DUFFEY et ux. v. GENERAL PETROLEUM CORPORATION.
Plaintiffs, husband and wife, brought this action against defendant corporation for injuries to their premises alleged to have been sustained as the result of the contamination of their water supply by gasoline spilled by defendant's employee when delivering gasoline to such premises to fill a 50 gallon tank maintained by plaintiffs for general use thereon. The original complaint, filed March 17, 1948, alleged damages in the sum of $2100. Defendant denied any damage whatsoever.
At the beginning of the trial, on October 19, 1948, plaintiffs' counsel moved to amend the complaint by increasing the amount of the alleged damage to $4000, and the motion was granted. Defendant interposed an objection to the amendment, but did not ask for a continuance of the trial by reason thereof. The jury returned a verdict for $4000.
On this appeal it is conceded that there was sufficient evidence to support the implied finding of the jury that defendant and its employee were negligent. Errors of law, only, are relied upon for reversal.
The first alleged error is the allowance by the trial court of plaintiffs' motion to amend the complaint by increasing the amount of the damages alleged. It is urged that it was made without notice and over defendant's objection, that it took defendant by surprise and was inevitably prejudicial to it. No authority is cited and we find no merit in this contention. Defendant could not have been prejudiced by lack of notice, since it denied any damages at all. It made no motion for a continuance of the trial in order to permit it to make further preparation therefor, and it cannot be said that plaintiffs acted in bad faith or without just reason in making their motion since the evidence shows that after the filing of their complaint they made efforts to secure a water supply not contaminated, by drilling a new well in a different location, but found the water there contaminated also.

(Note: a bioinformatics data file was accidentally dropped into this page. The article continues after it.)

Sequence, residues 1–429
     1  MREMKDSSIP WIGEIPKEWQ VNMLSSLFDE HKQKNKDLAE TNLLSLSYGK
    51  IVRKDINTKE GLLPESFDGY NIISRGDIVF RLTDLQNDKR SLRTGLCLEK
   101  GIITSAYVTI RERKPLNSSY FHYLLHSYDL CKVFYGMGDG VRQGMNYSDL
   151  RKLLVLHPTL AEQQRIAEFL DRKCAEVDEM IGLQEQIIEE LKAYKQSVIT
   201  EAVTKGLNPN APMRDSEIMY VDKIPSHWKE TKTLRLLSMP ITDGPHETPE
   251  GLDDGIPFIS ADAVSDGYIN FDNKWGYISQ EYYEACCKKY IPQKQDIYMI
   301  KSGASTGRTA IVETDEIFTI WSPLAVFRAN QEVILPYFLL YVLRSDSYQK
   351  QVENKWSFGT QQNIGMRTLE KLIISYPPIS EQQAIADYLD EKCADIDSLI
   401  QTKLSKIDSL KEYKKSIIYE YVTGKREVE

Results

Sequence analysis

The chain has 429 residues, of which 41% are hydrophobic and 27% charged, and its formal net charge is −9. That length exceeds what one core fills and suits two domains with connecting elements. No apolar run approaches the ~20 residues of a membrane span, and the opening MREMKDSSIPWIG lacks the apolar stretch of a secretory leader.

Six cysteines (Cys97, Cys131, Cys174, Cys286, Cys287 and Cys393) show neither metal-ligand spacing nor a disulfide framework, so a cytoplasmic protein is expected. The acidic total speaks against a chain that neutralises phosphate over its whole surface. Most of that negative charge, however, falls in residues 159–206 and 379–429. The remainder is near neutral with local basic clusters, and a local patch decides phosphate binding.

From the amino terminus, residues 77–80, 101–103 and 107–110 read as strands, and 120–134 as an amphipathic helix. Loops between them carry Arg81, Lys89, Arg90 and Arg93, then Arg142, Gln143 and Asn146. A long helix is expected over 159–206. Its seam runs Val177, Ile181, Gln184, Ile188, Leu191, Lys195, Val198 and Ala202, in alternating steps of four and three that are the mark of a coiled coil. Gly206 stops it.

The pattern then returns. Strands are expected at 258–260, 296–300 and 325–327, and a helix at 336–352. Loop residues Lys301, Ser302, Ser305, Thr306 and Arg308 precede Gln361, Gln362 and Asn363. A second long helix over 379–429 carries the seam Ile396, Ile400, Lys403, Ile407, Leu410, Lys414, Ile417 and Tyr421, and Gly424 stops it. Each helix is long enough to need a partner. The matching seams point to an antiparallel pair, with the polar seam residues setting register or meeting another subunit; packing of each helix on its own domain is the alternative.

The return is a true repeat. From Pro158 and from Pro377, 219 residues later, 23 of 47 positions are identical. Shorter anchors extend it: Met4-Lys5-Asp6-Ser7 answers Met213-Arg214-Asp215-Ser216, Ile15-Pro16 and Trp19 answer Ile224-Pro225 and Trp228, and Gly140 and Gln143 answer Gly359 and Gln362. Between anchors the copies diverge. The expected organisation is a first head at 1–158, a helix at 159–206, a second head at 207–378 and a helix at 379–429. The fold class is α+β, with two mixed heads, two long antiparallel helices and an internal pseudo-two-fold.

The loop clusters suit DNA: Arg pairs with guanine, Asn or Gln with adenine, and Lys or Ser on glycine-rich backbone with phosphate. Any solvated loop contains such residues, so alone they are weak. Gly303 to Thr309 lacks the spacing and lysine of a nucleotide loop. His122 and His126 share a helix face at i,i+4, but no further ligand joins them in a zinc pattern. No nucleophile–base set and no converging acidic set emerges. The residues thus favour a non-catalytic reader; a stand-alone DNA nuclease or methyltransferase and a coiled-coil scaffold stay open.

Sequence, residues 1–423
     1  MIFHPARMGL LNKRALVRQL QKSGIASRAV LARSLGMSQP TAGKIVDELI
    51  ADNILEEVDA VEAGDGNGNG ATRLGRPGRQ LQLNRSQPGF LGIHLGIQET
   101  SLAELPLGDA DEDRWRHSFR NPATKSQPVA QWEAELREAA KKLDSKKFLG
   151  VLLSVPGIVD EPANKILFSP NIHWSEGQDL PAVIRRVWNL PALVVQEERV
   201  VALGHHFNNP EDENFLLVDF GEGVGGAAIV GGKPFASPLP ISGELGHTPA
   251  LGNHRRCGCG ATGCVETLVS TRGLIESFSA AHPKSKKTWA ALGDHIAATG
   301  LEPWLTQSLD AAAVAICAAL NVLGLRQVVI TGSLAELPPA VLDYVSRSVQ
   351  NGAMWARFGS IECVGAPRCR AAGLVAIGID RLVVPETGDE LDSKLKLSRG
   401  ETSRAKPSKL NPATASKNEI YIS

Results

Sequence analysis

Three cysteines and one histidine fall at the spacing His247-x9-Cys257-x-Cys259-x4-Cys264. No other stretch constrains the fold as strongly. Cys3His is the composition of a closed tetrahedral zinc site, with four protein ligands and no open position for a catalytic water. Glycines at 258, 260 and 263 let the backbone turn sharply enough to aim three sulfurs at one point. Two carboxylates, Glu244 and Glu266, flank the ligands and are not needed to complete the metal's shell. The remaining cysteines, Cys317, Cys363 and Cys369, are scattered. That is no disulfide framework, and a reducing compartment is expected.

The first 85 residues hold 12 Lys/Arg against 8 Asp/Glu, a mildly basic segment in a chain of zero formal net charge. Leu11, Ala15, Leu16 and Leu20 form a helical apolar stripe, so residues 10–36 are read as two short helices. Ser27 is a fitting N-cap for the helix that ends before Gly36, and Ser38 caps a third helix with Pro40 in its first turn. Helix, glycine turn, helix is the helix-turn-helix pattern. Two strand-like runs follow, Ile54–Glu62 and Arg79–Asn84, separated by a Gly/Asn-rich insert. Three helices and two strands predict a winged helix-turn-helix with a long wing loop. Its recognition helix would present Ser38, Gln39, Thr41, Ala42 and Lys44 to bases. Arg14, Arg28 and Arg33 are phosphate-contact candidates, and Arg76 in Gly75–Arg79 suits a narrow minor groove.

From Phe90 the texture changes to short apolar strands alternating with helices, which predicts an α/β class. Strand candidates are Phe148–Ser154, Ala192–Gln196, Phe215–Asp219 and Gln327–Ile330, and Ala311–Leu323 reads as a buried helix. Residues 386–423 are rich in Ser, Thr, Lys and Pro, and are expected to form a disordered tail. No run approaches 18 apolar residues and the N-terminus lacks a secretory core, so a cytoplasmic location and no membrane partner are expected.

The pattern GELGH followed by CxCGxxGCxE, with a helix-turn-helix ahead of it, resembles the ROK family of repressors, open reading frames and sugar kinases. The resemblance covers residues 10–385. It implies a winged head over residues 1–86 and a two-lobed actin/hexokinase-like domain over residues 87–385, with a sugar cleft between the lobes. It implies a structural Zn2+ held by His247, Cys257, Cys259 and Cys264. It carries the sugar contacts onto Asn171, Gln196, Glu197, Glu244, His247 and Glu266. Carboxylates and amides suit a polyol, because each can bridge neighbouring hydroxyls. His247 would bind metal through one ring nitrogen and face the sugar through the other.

The allowance of amendments to pleadings is within the discretion of a trial court. Ray v. American Photo Player Co., 46 Cal.App. 311, 315, 189 P. 130; Isaacson v. Union Trust Co., 95 Cal.App. 633, 638, 273 P. 119; Unruh v. Kauffman, 205 Cal. 238, 244, 270 P. 440. We find no abuse of such discretion here.